Otway & Orford proudly present our stylish and unique rugby football inspired silk pocket square, ‘The Football Match’, created using Australian artist Roy de Maistre's rugby painting in collaboration with its owner, the Janet Holmes à Court Collection in Perth, Western Australia, and Roy de Maistre’s Estate.
Roy de Maistre (1894-1968) was born Leroy Livingstone de Mestre in Bowral, New South Wales, Australia to a well-to-do family of thoroughbred race horse breeders. He gave himself a number of names during his life including the change to de Maistre, believing the modern spelling better suited a modern painter. Following a home education, he was sent to Sydney in 1913 to continue his music and art studies, where he studied at the Royal Art Society of New South Wales as well as at the Julian Ashton Art School. He suffered from a general weakness and debility that saw him discharged from the Australian Army three times during the First World War. The cause was tuberculosis and was also the reason he gave up thoughts of pursuing a music career, instead focusing solely on painting.
De Maistre was a pioneer of modern Australian art. One of his early artistic experiments was with ‘colour-music’, linking the colours of the spectrum to notes on the musical scale. In 1919 he held a joint exhibition with Roland Wakelin entitled ‘Colour in Art’ to advance his theory. The only existing example of the experiment is ‘Rhythmic composition in yellow green minor’, which visualises the sensation of slow unfolding music through colour movements and supports the fact that de Maistre was the first Australian artist to use pure abstraction in his work.
In 1923 de Maistre travelled to a number of countries in Europe on an art scholarship, which included periods studying in London and in France. On his return to Sydney he staged, amongst other things, one-man shows and contributed to other exhibitions, all helping to make modern art fashionable in the late 1920s. Rather, he made it as fashionable as it could be in a country still favouring Impressionism. Criticism of his artistic efforts made him believe his style of work could not flourish in his homeland and so in 1930 he left Australia to make a living permanently in London.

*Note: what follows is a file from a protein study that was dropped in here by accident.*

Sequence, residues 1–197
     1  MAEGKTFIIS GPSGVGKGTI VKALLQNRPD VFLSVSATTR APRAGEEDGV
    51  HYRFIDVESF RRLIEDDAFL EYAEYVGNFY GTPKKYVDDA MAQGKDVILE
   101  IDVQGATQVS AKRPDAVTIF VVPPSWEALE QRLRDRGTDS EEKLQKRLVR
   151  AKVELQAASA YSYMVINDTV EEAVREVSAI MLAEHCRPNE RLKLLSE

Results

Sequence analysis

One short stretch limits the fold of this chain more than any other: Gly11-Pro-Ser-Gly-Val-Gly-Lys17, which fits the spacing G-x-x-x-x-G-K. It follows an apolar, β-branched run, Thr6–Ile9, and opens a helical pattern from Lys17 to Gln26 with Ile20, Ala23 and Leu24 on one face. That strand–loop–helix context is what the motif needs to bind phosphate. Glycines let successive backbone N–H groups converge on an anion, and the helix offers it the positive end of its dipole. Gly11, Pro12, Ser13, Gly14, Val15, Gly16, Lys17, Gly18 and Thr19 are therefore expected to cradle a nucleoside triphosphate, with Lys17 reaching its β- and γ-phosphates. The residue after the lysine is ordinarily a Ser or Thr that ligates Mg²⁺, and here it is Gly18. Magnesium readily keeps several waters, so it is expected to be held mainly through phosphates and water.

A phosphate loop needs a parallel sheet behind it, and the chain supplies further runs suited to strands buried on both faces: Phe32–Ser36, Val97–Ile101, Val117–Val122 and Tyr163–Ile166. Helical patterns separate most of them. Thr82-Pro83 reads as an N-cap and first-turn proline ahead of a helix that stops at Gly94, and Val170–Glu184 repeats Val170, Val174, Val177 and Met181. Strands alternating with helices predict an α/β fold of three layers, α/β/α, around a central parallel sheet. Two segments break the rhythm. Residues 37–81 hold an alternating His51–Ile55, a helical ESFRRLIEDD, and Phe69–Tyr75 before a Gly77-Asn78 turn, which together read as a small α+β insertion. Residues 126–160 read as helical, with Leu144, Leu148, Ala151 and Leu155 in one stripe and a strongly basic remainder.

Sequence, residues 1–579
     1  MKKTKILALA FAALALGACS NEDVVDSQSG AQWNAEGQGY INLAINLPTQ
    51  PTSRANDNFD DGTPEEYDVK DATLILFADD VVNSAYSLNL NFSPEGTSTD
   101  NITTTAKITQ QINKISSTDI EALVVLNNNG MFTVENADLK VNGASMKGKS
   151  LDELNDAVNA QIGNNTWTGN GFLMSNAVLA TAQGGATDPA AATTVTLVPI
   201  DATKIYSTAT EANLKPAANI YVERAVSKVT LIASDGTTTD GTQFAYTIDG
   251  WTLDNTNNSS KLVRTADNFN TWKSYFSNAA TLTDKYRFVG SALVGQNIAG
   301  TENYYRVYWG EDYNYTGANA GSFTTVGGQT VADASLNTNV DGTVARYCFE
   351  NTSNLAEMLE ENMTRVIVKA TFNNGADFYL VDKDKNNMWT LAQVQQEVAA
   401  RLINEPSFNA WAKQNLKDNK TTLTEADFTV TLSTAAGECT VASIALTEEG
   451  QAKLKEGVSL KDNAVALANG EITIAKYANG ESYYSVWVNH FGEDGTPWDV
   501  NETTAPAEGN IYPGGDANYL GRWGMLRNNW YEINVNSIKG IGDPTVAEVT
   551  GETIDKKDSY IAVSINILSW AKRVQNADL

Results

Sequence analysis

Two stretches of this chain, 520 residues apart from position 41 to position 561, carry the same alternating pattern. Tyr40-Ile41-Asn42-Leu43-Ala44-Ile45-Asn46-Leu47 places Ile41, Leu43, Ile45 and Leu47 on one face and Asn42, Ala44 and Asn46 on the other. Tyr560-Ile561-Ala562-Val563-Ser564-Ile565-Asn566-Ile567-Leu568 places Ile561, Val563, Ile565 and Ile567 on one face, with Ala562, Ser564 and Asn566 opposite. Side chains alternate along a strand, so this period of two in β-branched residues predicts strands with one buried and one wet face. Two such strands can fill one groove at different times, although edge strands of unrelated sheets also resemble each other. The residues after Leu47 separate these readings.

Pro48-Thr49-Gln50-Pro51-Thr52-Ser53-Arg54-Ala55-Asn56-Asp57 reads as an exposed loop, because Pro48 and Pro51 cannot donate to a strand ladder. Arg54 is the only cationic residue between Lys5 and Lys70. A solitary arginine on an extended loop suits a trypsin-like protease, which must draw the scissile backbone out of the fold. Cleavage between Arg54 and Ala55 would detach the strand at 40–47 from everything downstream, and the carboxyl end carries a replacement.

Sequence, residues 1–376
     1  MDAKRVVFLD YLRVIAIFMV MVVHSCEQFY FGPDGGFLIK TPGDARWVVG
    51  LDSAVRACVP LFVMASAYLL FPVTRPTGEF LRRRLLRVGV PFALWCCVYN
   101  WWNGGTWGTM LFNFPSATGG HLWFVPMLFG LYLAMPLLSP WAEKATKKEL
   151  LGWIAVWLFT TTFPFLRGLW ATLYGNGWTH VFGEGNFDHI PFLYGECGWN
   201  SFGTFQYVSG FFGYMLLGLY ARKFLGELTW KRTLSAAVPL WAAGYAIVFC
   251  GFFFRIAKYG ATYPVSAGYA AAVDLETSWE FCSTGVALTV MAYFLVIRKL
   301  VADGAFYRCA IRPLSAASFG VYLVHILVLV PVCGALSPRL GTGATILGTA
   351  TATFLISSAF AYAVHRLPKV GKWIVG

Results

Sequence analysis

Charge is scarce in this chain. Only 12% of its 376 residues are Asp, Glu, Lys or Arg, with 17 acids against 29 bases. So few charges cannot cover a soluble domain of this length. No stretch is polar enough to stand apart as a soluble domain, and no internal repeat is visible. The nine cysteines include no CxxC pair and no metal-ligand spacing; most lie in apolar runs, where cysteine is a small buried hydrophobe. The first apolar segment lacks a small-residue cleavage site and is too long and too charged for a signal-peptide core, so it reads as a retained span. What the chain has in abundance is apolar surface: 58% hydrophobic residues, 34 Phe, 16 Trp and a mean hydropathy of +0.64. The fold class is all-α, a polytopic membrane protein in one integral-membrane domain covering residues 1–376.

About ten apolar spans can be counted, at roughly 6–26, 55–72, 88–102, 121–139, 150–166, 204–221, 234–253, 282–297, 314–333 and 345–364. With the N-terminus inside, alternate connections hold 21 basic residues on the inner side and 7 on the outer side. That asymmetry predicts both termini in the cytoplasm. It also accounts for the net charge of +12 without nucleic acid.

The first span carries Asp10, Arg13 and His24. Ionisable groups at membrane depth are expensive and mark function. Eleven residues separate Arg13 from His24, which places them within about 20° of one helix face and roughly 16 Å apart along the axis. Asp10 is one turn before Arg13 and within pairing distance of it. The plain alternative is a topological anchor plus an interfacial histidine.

Living in London during the 1930s, de Maistre turned to a more recognisably figurative style but still modernist in approach as he painted his interpretation of Cubism. He was busy with one-man and joint shows and running a painting school for a short while. It was in 1936 that he set up studio at 13 Eccleston Street, where he was to remain based until his death. During this period, he also became friendly with a young Francis Bacon and acted as his mentor, having the greatest influence of anybody on Bacon’s work during the 1930s. In 1938 de Maistre painted the oil on canvas work, ‘The Football Match’, inspired by rugby football.
During the war years, de Maistre hardly painted but restarted once peace had returned, selling works and carrying out private commissions for society portraits. Little known today is that from 1912 to 1948 the Olympic Games awarded medals for art and literature about sport. 'The Football Match' was submitted for the 1948 London Summer Olympics, representing Great Britain in the painting event of the art competition.
During the 1950s, de Maistre exhibited at the Royal Academy of Arts, was part of Arts Council exhibitions and had work bought by leading art galleries including the Tate. A new theme started to appear in his works following his confirmation in the Roman Catholic faith and he created a number of modern religious works for public collections, exhibitions and buildings including for Westminster Cathedral. In his final decade there were some important statements of recognition from his adoptive home, with the Whitechapel Gallery holding a major retrospective in 1960 and with de Maistre being made a CBE in 1962.
To know more about the Janet Holmes à Court Collection, please visit www.holmesacourtgallery.com.au